Tuesday, June 29, 2004

more reservations about reservations

Amit Phansalkar makes some interesting points in responding to my post on reservations in the private sector. Among other things, he rightly points out that it's not entirely logical to infer that press coverage of the reservation issue is biased because there aren't more Dalit journalists. I didn't say that, though I can see how a reader might have decided that was what I was implying. To be specific, I simply mention this to point out how easily Dalits themselves can be excluded from this debate. (It is also true, I'd venture to say, that there are very few journalists from backgrounds of extreme poverty). Also: Amit clearly isn't a bigot, and I didn't mean to suggest that he was by raising questions about the voices that should be loudest in this debate--which certainly should not include foreigners like myself, incidentally.

1 comment:

asuph said...


Maybe I was a bit too harsh while commenting on your last blog. Yes, the first-hand dalit viewpoint is probably not getting the kind of media space that it should be getting, but so is true about the first-hand non-dalit (for I don't like the use the word higher/lower caste) viewpoint, especially in the mainstream Indian (English) media. The ELM (and at times even vernacular media) has its own biases that if at all anything, champion a (even if second-hand) dalit viewpoint. Only when the reservation debate has been extended to the "private sector" has the ELM actually started to give column space to the anti-reservation viewpoints! The leftist legacy of political correctnes and championing the cause of the socially repressed that's shared by the ELM otherwise has actually resulted in avoiding the reservation debate in any meaningful sense. So yes, fresh first hand viewpoints from all camps are welcome, but the viewpoints themselves must have (ironically) some merit!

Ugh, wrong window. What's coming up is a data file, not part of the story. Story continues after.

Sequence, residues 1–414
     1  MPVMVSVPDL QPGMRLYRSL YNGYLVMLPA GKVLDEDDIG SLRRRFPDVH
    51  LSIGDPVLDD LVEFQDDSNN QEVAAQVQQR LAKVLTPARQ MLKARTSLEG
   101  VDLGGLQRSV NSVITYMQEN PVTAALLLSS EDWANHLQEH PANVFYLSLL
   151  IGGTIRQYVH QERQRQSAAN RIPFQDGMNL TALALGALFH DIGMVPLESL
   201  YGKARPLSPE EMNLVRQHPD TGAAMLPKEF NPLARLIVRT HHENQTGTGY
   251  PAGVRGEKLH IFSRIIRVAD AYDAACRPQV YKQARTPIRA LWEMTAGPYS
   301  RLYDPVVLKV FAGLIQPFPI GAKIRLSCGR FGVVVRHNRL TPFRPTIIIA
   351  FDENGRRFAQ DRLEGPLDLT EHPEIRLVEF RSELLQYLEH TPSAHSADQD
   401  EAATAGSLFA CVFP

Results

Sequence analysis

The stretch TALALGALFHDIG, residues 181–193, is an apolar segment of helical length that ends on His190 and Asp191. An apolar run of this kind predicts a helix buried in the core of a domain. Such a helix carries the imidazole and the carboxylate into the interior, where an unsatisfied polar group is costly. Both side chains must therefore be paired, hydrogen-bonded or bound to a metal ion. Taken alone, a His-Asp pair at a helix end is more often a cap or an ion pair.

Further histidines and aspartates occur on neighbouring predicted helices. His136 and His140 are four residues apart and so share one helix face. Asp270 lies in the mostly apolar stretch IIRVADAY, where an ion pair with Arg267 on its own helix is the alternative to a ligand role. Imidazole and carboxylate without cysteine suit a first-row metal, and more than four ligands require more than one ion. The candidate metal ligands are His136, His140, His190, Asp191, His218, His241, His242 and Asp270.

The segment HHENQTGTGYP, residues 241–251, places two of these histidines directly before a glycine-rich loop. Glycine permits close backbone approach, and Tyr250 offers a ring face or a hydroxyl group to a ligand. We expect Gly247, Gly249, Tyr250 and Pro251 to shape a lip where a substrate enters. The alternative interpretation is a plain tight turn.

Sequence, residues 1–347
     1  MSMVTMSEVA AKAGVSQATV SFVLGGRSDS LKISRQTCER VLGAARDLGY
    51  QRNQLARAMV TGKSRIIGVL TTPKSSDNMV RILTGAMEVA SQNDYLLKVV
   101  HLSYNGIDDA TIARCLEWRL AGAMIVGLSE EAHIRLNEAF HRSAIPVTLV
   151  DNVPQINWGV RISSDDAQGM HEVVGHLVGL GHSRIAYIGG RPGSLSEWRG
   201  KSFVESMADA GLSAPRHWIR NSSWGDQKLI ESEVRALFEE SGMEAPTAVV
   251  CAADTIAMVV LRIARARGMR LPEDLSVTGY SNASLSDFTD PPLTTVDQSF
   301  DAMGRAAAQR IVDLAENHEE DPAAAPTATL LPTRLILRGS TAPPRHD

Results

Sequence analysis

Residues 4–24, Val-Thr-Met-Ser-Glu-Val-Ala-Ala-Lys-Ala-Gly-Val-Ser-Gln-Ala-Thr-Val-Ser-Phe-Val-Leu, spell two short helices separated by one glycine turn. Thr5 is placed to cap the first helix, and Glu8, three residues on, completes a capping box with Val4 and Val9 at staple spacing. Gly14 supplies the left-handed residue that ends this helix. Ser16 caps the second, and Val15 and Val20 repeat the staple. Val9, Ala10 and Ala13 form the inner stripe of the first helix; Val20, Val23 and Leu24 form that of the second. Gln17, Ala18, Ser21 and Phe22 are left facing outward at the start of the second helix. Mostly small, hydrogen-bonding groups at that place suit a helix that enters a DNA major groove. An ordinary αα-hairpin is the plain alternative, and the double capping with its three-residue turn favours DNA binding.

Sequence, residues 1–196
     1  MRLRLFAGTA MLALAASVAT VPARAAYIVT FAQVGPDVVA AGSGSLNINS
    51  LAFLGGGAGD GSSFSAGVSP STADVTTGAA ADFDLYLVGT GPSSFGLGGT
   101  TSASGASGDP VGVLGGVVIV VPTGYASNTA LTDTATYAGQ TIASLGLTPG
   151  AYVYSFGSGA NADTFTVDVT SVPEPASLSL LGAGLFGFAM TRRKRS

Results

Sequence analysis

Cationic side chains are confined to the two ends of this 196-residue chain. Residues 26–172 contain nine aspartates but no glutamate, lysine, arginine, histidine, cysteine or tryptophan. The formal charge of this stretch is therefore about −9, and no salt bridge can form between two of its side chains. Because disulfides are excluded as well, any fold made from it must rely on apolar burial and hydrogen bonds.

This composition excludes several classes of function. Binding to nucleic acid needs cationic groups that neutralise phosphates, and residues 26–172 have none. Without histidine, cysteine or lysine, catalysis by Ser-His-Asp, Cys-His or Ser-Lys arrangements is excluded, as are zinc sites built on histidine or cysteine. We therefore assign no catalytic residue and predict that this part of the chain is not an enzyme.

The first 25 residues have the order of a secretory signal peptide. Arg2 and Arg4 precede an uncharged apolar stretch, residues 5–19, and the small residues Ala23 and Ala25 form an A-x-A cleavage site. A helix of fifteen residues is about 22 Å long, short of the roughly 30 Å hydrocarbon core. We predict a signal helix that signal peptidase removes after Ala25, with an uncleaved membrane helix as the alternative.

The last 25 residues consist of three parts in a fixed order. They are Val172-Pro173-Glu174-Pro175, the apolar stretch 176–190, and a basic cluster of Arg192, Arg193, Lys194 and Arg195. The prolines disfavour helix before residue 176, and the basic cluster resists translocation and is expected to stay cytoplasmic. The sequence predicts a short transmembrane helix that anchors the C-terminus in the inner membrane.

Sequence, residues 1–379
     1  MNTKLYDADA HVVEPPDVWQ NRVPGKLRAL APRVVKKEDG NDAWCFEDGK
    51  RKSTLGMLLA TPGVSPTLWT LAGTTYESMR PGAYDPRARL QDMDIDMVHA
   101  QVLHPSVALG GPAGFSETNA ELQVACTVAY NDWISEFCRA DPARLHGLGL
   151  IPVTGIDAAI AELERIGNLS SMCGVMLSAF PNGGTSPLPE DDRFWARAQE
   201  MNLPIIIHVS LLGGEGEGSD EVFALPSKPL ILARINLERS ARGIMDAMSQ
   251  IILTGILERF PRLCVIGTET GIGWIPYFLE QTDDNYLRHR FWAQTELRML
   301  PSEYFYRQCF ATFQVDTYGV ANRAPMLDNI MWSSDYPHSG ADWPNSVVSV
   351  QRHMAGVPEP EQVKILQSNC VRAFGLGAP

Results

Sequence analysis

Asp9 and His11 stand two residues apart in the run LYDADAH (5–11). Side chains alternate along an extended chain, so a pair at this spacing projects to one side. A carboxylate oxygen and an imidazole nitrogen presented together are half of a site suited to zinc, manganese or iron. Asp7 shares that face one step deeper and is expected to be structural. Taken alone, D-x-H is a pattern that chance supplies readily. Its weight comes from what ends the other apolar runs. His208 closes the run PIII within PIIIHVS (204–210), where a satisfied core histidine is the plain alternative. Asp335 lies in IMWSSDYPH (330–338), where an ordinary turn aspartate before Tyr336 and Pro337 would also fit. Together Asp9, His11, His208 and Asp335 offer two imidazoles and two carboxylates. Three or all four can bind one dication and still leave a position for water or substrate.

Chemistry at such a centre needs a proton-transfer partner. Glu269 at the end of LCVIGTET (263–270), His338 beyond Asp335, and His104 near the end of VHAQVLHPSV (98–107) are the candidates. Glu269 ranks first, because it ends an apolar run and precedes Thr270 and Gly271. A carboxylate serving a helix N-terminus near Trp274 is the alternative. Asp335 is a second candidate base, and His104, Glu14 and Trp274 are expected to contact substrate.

Also, I don't thing that being a foreigner in itself should exclude anyone from this debate. It's the relevance of the arguments that's the main issue here. I appreciate your contribution on this issue, sometimes even an outside (and I'm not claiming you are) can bring in fresh insights -- especially in issues as tangled and as passionate as reservations. So no, don't disconnect; rather engage.

Amit Phansalkar.